The scratch-off tickets and draw games Pennsylvania offers generate more than $1 billion a year for the state, which aids senior citizens through various programs — free rides, property tax and rent rebates, pharmaceutical assistance — and keeps open the doors of agencies on aging across the state. The new games are part of an endeavor to "stabilize" the lottery fund before Pennsylvania's aging baby boomers swell the older population. (And not the only vice to fund state programs.)

"It's sort of both an effort to make sure the lottery's keeping up with other areas of gaming while also working to make sure that those funds are still available as more and more Pennsylvanians age," said Wolf's spokesman, J.J. Abbott. "Pennsylvania has an aging population, so the governor sees that as a priority to just make sure the lottery fund is as strong as it can be."

Virtual sports, which allow players to bet on computer-generated matches or races, would bring in $75 million in the first five years, Wolf's office projected. Online lottery could generate $100 million annually after the first three years, estimated Todd Eilers, an analyst at Eilers & Krejcik Gaming.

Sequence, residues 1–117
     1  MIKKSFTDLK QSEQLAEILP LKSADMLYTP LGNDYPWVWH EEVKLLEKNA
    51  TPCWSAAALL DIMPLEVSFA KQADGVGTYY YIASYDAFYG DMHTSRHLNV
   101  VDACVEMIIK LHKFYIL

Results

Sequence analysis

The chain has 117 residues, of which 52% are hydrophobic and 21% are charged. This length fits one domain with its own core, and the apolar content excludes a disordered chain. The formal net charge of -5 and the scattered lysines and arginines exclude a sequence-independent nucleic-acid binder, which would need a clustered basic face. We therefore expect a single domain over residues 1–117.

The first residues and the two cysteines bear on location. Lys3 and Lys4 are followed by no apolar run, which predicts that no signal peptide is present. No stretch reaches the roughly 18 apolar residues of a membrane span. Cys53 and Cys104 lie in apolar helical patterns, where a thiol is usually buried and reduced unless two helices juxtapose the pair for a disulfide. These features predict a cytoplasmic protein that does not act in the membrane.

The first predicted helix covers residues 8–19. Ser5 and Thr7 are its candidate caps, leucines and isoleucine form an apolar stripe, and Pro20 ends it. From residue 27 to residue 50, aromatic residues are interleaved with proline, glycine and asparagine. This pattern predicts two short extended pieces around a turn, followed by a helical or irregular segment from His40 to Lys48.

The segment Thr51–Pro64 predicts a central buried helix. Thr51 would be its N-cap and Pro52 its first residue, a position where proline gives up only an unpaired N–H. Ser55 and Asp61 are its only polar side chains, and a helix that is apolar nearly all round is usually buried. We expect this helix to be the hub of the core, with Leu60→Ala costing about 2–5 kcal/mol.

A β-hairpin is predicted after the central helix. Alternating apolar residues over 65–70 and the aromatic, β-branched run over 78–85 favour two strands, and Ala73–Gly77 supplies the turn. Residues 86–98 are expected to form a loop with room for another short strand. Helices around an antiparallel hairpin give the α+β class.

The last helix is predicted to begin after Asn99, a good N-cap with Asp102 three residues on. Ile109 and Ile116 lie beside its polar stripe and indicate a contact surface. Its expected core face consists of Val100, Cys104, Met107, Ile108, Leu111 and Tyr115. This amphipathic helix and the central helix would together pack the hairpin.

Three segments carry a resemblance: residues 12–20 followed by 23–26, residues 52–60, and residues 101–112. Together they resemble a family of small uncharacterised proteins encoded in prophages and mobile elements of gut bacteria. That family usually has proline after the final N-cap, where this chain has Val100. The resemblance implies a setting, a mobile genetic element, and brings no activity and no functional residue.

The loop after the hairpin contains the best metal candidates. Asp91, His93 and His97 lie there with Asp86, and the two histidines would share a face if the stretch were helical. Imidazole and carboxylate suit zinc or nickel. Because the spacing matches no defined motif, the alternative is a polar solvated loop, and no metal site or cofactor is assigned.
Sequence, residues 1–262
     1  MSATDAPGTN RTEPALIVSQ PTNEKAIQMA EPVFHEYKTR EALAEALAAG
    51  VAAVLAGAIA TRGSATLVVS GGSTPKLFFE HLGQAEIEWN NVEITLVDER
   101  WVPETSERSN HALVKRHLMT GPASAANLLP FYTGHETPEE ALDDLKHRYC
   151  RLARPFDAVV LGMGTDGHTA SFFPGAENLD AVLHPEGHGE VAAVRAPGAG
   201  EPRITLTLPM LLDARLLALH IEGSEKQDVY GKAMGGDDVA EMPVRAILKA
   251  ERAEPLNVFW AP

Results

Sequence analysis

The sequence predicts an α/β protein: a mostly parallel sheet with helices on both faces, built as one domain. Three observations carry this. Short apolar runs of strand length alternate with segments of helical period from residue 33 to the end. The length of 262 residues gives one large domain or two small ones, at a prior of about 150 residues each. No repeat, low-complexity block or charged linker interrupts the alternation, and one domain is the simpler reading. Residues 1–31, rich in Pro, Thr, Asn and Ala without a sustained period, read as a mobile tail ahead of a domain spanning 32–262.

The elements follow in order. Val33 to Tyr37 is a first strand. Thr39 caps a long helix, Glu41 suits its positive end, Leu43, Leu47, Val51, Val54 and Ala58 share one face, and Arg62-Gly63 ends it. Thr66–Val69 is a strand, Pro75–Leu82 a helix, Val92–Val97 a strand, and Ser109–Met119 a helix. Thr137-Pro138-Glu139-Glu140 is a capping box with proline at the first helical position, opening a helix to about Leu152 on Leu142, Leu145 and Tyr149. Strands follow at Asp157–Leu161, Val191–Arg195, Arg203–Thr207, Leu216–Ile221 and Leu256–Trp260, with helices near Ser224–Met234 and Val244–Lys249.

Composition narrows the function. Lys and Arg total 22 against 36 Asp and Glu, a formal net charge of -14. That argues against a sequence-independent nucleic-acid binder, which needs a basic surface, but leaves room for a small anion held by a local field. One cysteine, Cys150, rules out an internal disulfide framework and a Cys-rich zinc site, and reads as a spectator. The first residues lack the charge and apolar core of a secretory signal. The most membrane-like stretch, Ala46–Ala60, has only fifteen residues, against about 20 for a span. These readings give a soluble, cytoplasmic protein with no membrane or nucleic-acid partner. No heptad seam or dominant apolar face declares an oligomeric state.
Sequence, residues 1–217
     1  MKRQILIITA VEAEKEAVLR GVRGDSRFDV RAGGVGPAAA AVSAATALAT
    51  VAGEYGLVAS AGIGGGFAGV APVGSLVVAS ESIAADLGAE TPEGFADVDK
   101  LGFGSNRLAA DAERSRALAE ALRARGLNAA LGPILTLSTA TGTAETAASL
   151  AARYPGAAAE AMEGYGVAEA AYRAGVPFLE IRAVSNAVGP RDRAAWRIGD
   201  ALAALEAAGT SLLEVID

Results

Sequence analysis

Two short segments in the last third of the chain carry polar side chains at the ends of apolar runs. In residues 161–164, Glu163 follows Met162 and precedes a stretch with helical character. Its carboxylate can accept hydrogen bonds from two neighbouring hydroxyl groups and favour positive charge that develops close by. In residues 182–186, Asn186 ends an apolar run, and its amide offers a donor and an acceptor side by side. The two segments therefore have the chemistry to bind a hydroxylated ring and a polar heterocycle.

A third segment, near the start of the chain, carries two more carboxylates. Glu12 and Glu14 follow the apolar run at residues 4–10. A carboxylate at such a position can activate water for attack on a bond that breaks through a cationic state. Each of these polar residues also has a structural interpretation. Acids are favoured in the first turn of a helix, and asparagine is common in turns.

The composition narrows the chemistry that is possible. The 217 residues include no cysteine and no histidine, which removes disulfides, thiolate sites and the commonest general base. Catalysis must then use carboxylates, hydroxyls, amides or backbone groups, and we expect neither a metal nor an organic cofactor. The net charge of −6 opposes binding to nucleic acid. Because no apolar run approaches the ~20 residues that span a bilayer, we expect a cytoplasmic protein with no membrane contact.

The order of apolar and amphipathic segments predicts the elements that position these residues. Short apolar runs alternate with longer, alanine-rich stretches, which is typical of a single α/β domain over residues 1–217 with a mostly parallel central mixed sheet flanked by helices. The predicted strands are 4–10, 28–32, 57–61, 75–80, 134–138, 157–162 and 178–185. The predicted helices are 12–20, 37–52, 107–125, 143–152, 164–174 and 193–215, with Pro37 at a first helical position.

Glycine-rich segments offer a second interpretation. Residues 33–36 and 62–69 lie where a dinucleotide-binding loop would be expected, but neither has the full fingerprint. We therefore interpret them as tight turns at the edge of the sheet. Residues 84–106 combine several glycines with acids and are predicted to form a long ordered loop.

In states such as Michigan, ticket sales in retail stores have gone up since iLottery was introduced; experts say that online games can attract new customers who then begin buying tickets in person, too.

"We don't anticipate any negative impact," Eilers said. "It's a chance to bring in kind of a newer customer base … and potentially even kind of drive traffic back to the land-based retailer."